Nearsightedness (Myopia), Explained
Myopia, or nearsightedness, is a condition where objects nearby are seen more clearly than objects that are far away. This occurs when the eye grows too long from front to back, causing light rays to focus in front of the retina rather than directly on it. Myopia typically develops during childhood and can worsen over time if not treated. While myopia does not typically cause any pain or discomfort, it can lead to serious vision problems if left untreated.
In this blog post, we will discuss what causes myopia, how it is diagnosed and treated, and some of the potential complications associated with this condition.
Nearsightedness: The Basics
Myopia typically develops in childhood and progresses slowly over time. It is often genetic, meaning it runs in families. Children with myopia are more likely to need glasses or contact lenses than those without the condition.
The most common symptom of myopia is difficulty seeing objects that are far away. This can make it difficult to read street signs, drive, or see the blackboard at school. Other symptoms may include:
If you experience any of these symptoms, be sure to see an eye doctor for a comprehensive eye exam.
Types of Myopia
There are three types of nearsightedness:
This is the most common type and occurs when the eyeball is too long or the cornea (the clear front surface of the eye) is too curved. This type typically develops slowly and can be corrected with eyeglasses or contact lenses.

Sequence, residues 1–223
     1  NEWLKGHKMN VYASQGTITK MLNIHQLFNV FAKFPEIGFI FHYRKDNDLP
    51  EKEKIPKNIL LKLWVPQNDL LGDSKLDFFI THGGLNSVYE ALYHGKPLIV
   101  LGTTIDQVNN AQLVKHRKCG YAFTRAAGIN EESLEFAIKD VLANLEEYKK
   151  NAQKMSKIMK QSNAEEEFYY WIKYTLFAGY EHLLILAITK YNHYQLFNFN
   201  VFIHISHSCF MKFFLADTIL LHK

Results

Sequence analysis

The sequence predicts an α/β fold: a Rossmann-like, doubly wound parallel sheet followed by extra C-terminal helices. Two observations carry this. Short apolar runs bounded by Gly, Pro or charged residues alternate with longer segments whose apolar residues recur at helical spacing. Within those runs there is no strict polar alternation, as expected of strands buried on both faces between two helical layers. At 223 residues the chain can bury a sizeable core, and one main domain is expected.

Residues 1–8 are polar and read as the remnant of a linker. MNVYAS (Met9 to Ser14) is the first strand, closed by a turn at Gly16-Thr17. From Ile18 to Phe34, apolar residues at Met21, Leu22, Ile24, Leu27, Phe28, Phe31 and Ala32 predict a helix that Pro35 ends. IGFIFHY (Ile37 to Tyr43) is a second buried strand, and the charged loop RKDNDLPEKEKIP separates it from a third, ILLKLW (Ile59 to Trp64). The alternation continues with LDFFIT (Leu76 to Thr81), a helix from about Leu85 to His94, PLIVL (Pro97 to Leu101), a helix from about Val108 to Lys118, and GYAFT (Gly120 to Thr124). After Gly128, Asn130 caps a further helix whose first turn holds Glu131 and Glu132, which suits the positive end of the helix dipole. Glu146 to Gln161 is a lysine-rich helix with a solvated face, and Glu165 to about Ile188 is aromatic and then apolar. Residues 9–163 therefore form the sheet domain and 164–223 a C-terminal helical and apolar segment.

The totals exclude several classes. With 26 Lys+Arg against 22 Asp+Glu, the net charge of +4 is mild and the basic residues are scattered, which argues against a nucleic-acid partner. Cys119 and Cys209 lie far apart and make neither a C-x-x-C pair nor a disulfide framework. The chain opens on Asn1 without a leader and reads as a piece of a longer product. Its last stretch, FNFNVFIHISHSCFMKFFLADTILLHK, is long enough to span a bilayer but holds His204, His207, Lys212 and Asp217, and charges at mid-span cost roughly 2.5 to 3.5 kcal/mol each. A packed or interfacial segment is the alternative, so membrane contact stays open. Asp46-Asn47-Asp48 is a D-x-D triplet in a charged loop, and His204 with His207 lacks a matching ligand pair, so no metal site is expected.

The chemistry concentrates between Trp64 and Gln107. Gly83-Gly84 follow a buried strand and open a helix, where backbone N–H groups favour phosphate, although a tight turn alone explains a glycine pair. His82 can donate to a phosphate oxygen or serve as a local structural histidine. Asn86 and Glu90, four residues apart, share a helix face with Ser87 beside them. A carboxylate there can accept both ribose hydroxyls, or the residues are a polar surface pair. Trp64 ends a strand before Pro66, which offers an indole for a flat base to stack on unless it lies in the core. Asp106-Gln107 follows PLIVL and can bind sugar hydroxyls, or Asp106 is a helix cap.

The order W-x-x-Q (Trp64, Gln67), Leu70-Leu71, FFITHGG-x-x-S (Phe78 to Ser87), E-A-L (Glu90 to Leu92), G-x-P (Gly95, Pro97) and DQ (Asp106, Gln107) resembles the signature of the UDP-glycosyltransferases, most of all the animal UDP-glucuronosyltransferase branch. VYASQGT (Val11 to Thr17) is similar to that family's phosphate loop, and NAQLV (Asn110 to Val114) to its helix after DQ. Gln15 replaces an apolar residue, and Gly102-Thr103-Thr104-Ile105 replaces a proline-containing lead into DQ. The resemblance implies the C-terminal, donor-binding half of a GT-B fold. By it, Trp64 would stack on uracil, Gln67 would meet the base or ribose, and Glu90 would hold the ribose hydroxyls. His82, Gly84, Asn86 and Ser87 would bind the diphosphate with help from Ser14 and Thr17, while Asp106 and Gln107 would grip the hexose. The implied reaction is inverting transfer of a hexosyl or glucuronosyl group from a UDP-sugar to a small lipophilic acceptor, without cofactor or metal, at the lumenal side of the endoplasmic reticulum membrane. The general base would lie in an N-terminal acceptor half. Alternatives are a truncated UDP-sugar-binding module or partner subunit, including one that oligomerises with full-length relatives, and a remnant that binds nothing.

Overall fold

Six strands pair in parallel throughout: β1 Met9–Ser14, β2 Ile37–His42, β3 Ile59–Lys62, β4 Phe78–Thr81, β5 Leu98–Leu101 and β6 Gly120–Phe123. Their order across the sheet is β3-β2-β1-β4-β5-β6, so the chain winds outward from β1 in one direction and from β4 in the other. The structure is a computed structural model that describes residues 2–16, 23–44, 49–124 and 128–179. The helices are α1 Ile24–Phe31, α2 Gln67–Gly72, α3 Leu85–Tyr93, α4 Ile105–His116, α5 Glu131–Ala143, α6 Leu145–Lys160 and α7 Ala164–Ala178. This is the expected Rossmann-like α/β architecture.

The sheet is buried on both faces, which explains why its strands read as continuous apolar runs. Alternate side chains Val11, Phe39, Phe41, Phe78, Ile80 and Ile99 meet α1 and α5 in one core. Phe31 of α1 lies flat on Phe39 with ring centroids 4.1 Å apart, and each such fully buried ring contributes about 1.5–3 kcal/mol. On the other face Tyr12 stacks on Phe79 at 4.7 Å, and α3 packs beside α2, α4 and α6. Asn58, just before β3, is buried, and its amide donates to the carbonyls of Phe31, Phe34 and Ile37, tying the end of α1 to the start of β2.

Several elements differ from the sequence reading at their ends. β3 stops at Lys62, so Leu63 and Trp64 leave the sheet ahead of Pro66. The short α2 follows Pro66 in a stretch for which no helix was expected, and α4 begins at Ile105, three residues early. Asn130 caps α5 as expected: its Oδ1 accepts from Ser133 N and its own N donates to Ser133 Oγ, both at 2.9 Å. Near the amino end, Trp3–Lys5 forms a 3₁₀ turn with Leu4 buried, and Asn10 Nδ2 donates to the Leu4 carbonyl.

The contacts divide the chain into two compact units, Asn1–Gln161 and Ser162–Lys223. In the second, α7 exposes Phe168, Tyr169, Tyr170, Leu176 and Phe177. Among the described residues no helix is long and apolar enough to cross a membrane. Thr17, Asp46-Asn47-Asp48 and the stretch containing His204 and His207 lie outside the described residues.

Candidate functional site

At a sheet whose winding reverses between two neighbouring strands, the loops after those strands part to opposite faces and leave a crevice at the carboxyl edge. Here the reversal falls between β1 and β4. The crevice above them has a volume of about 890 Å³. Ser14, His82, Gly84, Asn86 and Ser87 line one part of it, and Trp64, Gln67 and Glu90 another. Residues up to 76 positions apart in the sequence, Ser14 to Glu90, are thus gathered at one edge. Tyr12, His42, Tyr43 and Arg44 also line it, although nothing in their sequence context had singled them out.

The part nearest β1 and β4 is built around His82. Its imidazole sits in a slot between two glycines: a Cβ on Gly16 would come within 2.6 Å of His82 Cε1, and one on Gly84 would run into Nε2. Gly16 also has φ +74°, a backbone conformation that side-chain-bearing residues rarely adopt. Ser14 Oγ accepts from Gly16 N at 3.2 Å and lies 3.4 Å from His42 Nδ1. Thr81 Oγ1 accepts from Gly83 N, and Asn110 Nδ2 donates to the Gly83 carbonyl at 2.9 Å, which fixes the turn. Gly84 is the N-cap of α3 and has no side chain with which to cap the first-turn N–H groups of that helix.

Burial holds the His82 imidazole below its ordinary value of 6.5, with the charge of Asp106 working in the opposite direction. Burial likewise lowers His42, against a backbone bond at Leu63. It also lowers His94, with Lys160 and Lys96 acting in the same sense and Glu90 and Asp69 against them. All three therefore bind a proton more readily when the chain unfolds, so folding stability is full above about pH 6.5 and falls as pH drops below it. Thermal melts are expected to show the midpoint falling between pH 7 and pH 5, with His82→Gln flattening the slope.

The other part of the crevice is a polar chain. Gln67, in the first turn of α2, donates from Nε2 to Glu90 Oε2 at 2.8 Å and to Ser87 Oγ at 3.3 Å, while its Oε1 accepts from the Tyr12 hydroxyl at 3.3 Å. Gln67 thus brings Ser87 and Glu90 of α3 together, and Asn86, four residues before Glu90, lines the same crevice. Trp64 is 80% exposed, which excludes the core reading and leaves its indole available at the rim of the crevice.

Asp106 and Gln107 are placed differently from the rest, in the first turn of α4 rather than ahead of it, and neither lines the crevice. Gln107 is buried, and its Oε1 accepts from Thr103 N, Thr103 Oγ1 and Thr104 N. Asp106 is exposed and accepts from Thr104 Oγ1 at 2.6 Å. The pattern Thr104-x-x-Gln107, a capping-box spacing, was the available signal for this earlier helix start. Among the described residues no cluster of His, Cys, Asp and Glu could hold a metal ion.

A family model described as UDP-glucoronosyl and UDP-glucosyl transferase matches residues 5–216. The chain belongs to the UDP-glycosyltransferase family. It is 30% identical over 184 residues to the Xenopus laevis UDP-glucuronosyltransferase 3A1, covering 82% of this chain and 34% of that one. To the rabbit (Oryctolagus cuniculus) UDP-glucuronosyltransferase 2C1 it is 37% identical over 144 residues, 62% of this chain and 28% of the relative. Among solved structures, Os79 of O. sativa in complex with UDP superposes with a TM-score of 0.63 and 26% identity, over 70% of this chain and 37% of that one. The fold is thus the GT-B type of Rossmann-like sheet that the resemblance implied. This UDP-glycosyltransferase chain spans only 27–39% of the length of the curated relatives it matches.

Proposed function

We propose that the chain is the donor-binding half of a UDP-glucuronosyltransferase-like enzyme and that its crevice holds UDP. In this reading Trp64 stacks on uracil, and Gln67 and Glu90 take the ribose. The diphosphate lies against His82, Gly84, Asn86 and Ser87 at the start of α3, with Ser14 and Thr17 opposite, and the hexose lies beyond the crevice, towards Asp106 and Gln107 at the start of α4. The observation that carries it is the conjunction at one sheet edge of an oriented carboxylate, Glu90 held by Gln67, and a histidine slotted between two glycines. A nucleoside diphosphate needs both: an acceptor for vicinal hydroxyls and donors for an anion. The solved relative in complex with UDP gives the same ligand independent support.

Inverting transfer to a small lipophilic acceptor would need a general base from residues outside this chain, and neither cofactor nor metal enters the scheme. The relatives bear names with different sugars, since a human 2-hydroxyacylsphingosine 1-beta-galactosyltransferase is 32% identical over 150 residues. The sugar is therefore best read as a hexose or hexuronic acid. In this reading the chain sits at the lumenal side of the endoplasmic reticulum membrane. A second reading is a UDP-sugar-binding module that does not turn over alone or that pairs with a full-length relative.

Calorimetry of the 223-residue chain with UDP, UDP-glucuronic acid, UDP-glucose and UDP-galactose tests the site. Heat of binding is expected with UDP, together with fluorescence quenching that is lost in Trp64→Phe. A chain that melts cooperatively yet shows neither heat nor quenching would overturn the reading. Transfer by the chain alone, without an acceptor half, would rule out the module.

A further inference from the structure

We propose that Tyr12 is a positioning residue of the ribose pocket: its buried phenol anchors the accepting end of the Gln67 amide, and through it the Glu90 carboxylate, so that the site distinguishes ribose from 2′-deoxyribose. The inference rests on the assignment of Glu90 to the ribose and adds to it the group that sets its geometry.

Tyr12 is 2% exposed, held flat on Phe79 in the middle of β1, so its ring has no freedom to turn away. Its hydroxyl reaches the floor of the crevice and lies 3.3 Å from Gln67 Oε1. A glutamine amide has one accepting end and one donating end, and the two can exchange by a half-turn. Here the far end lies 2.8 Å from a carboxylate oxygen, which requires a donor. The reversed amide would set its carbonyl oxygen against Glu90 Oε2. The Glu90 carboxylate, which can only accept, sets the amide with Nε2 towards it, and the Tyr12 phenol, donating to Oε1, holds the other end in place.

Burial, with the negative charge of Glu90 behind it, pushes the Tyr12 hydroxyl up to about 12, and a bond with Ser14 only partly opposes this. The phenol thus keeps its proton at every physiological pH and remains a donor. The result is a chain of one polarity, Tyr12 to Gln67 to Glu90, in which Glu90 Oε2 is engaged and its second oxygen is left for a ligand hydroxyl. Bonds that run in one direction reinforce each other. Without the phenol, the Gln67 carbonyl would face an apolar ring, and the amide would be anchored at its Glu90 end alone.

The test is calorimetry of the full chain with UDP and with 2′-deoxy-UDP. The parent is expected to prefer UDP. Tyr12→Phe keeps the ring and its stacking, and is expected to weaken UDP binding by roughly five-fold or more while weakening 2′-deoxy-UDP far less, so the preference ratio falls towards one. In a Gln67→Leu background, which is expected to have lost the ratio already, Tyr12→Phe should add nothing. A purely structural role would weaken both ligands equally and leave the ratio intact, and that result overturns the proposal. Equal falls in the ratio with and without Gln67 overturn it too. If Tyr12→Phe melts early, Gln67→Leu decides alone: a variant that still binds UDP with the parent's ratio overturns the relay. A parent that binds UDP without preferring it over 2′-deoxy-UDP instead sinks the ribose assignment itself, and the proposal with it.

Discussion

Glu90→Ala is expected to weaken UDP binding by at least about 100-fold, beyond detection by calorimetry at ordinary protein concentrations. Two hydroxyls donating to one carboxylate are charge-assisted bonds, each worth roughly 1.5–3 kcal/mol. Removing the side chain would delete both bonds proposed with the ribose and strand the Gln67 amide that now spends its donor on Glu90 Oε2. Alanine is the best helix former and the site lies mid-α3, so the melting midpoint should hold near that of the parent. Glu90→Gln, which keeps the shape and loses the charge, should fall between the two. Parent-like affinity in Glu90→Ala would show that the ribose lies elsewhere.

This type is also known as malignant myopia. It occurs when the eyeball continues to grow too long, even into adulthood. This can lead to a serious deterioration of vision and other complications. Degenerative myopia is the most severe form of nearsightedness and requires regular monitoring by an eye doctor.
This rare type of myopia is caused by a disorder or injury to the eye. It can lead to a rapid deterioration of vision and other serious complications. If you have this type of myopia, it is important to see an eye doctor regularly.
Myopia is typically diagnosed during a comprehensive eye exam. Your eye doctor will test your vision and measure the curvature of your cornea. They may also use a machine to take pictures of the back of your eye. If you have myopia, your eyeglass prescription or contact lens prescription will be negative.
Myopia can be treated with eyeglasses, contact lenses, or refractive surgery. Eyeglasses or contact lenses correct myopia by bending the light that enters your eye so that it focuses properly on the retina. Refractive surgery changes the shape of your cornea so that light is properly focused on the retina.
Potential Complications of Nearsightedness
Myopia can lead to a number of serious complications, including:
- Retinal detachment
- Macular degeneration
While myopia is a common condition, it can lead to serious complications if left untreated. If you think you may have myopia, be sure to see an eye doctor for a comprehensive eye exam. Treatment options are available to help you see clearly and reduce your risk of complications.